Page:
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Saturday, October 05, 2013

Reunion Weekend

I wasn't at all sure I'd go to my 25th high school reunion.

This was not the 'I'm too cool to go,' or the 'I hated those people then, I'd hate them now.'

I actually liked most of my fellow inmates as far as I can recall. If there was any animosity there, it's certainly nothing that could be sustained over decades.

Grade school and junior high, I had some definite enemies at those ages, but by high school I don't think there was any. And I really, really enjoyed my 20-year reunion.

I made some real connections at the 20-year, people I hadn't kept up with for one reason or another who'd turned out to be very worth keeping in touch with. There was this relatively new web application, you might have heard about it, called Facebook, and I friended a lot of the peeps from the reunion there and that's why I almost didn't go to the 25th.

Well, there's the expense. If memory serves, I paid $55 to go to the party five years ago. I was single, and that fee was an all-inclusive deal, appetizers, DJ and an open bar. Not cheap, but not expensive for a night on the town, right? Fast forward to today and I'm remarried, which effectively doubles the price. I think I still could have got it for $55 if I'd signed up early but I thought Facebook had me covered.

Facebook is in a lot of ways a perpetual high school reunion. In the past year or so I've found two girlfriends from back then to catch up on what they've been up to. There are a few holdouts, but basically you can find anyone there if they'll at least throw you the bone of using their maiden name as a middle name.

But I wanted to show off my new wife, and the joint the event was booked into was Japanese, and the thought of sushi plus an open bar, well...

And I did indeed see folks I haven't connected with on Facebook. And ones I had but don't see in person nearly often enough. I could have skipped the Nara party I suppose and still done the football game and the thing at Shark's on Friday night, plus the picnic and school tour on Saturday afternoon, but these things weren't uniformly attended.

Every event brought out a unique set of people and there wasn't a single one where I didn't see someone (or more than one) I was genuinely glad to see.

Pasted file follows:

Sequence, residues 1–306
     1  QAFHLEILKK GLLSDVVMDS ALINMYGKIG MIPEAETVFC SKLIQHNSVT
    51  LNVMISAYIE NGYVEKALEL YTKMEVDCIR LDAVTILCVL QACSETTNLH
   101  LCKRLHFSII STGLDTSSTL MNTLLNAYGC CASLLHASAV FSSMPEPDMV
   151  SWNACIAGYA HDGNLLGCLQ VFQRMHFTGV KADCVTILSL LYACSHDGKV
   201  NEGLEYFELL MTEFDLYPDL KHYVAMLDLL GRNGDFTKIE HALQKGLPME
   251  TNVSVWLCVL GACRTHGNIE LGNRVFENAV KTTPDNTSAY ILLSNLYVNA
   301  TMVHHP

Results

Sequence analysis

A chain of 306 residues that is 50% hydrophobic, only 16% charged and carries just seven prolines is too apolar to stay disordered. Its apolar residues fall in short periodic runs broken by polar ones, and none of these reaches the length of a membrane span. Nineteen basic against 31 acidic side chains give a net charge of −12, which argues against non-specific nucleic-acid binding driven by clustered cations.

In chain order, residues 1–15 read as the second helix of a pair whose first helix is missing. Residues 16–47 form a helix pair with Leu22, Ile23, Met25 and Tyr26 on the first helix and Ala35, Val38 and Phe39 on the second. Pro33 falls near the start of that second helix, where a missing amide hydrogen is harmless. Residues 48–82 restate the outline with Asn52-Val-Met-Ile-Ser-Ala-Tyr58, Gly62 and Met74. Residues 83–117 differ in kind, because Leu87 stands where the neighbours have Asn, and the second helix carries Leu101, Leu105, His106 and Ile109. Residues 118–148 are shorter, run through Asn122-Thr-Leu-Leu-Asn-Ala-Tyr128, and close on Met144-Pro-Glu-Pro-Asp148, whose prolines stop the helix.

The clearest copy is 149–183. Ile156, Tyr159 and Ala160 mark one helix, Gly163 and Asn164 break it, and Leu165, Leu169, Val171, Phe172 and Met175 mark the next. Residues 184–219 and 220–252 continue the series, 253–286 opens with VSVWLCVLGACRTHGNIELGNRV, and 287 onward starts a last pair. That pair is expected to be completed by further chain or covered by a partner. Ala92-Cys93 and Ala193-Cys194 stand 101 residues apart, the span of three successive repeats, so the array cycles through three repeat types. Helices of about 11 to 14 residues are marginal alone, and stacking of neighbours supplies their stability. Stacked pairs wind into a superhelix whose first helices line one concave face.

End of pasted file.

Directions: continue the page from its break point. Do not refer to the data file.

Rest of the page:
And at all these events I took pictures. Of course.

It might look like a lot, but these few are the best of what I got and there's a lot that went straight to the cutting room floor.


I was too busy interacting with folks to really chimp the pics, so I happily clicked away and screwed up a lot of shots. I don't like the digital noise I get at high ISO settings and while I cranked it up a bit I didn't go nearly far enough based on how many blurry friends I seem to have looking at everything.

Some of the good shots are really good, but I should have lived with more digital noise, I'd have gotten some people who aren't in this post because what's the point of posting a blurred out pic?

The tour of the school was really worthwhile, too. When we were starting, I muttered something about 'were the ceilings this low back then?'

It's not like I'm taller than I was back then, but I know my grade school seemed tiny when I revisited it, so maybe memory inflates the actual size of things.

Turns out, just a couple years after I graduated they added air conditioning and the drop ceilings are covering up the ductwork for that.

Air conditioning in a school? Northwest had it back then but it was so unusual the district declared heat days and even they got to skip school when that happened.

They have an animal room and all kinds of stuff (like a third gymnasium, a band room, choir room, and third theater they didn't have back when I was a student there).

The chinchilla in the animal room freaked me out at first glance. I don't think the picture conveys it, but the impression (I wasn't alone in this) was that what was visible was the whole animal, sitting on a block. The head is 90% of this animal and the effect is very children's book.

I'd say maybe a fourth of our class attended at least some part of this affair and the only way it could have been better is if you could up that percentage.

Well, and if by upping that percentage you got Julie Denesha there. She can do a lot of damage with a camera, a lot more than me.

Monie Montemayer, for that matter, she was the one who always had a camera in front of her, the mover and shaker behind the yearbooks and all that. You'd think she'd have made a career in photography and/or graphic design, but it turned out no.

But then a lot of my peers would have guessed my living would have come from something involving a guitar in my hands which hasn't really been the case.

Anyway it was great to see all the beautiful people I went to school with who turned out. Hope to see them all and many more at the 30-year.

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